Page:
When it comes to the law, we know that it doesn’t always line up with what we expect. Why is that? Well most of U.S. law is based on the centuries old ‘common law’ principles. These principles may seem antiquated today but really they have been updated for our society and values. How has this shaped the face of medical malpractice law today?
Doctors and other medical professionals and health care facilities are expected to uphold a standard of care. This is because they owe a responsibility to their patients to operate at a certain level. Humans aren’t perfect and neither are organizations, so sometimes things happen that can injure patients utilizing healthcare. Thus medical malpractice law exists to fill in the grey area between criminal acts and negligent acts that result in injury.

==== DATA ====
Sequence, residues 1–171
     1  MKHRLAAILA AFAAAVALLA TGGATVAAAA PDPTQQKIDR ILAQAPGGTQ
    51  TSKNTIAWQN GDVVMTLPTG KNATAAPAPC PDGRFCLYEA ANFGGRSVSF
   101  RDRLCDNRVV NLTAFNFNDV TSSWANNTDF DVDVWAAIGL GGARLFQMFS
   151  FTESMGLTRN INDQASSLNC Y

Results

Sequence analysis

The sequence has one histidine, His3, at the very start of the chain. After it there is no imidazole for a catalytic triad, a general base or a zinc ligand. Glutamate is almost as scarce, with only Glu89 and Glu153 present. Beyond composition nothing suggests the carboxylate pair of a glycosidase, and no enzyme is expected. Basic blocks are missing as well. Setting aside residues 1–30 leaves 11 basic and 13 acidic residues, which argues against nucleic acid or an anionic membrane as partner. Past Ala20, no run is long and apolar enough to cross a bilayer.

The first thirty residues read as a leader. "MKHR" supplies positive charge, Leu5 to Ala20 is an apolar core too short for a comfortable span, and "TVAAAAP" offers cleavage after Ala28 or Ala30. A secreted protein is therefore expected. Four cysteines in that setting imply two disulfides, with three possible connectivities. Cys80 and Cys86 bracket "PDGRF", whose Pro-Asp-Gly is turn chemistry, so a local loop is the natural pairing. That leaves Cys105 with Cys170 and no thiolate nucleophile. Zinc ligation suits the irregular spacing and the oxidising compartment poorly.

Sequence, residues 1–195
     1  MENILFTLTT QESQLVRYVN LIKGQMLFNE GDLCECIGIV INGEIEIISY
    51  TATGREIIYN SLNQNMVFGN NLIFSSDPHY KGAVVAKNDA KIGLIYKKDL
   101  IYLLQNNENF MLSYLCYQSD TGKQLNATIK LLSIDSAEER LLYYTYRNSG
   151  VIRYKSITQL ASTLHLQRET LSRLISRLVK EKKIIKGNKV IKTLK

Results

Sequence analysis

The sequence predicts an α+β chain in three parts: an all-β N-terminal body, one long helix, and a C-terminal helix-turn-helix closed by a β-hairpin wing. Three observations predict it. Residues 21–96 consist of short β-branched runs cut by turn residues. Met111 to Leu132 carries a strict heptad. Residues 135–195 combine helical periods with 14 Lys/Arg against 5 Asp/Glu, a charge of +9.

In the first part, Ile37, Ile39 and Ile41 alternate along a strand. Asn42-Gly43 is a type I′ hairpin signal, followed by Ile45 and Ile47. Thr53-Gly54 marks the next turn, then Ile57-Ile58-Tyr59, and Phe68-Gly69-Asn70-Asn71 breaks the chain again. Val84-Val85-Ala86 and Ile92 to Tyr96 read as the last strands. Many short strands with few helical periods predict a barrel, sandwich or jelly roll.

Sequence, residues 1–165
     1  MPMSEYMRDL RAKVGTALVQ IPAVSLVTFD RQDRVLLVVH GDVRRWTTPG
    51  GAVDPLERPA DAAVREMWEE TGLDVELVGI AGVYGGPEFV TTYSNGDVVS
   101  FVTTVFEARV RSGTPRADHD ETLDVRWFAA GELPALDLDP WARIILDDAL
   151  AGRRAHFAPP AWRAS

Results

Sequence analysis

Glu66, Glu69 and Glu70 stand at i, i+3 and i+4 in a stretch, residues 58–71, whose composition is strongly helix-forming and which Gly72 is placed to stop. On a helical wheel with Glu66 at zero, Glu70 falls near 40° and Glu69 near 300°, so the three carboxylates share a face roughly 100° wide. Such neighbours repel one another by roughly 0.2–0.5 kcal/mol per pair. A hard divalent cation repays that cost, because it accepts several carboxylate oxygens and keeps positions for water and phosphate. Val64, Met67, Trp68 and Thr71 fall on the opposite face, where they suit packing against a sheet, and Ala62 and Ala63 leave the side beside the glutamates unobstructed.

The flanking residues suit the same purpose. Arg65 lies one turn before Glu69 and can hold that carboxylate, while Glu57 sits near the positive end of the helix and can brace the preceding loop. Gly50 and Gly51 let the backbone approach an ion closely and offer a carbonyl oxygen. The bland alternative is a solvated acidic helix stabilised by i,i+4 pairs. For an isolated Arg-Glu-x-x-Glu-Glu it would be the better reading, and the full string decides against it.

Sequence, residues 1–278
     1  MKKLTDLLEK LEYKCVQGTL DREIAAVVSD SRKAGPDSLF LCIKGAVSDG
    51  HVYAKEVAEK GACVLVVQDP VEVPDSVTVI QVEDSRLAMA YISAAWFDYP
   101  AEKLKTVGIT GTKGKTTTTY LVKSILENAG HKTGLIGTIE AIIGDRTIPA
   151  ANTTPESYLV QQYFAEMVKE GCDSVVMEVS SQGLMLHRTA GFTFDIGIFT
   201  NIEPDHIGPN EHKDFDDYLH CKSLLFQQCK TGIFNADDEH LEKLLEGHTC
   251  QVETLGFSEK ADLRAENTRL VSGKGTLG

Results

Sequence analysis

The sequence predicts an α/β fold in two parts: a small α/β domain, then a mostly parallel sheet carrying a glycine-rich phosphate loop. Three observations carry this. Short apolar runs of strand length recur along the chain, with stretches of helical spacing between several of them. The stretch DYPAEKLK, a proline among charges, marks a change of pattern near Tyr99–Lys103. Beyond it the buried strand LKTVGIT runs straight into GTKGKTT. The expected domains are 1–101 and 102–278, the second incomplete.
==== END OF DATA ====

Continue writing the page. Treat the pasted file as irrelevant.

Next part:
To be clear, most medically related injuries are not criminal in nature. They are generally, accidents, so to speak. So when a person is wrongfully injured, say due to surgical accident, many people’s first thought is to seek retribution. When injured in a medical malpractice situation, the best place to seek retribution for injury is to go through the trial court system and allege the instance(s) of negligence that resulted in injury.
State law will determine how these cases are handled from here-on-out. Lawsuits alleging medical malpractice are generally filed in a state trial court to begin with. Such trial courts are said to have jurisdiction over medical malpractice cases, which is the legal authority to hear and decide the case. Specific state legal rules guide venue and jurisdiction in each state, for each medical malpractice case.
Source: ncbi.nlm.nih.gov, “An Introduction to Medical malpractice in the United States,” Accessed Dec. 11, 2017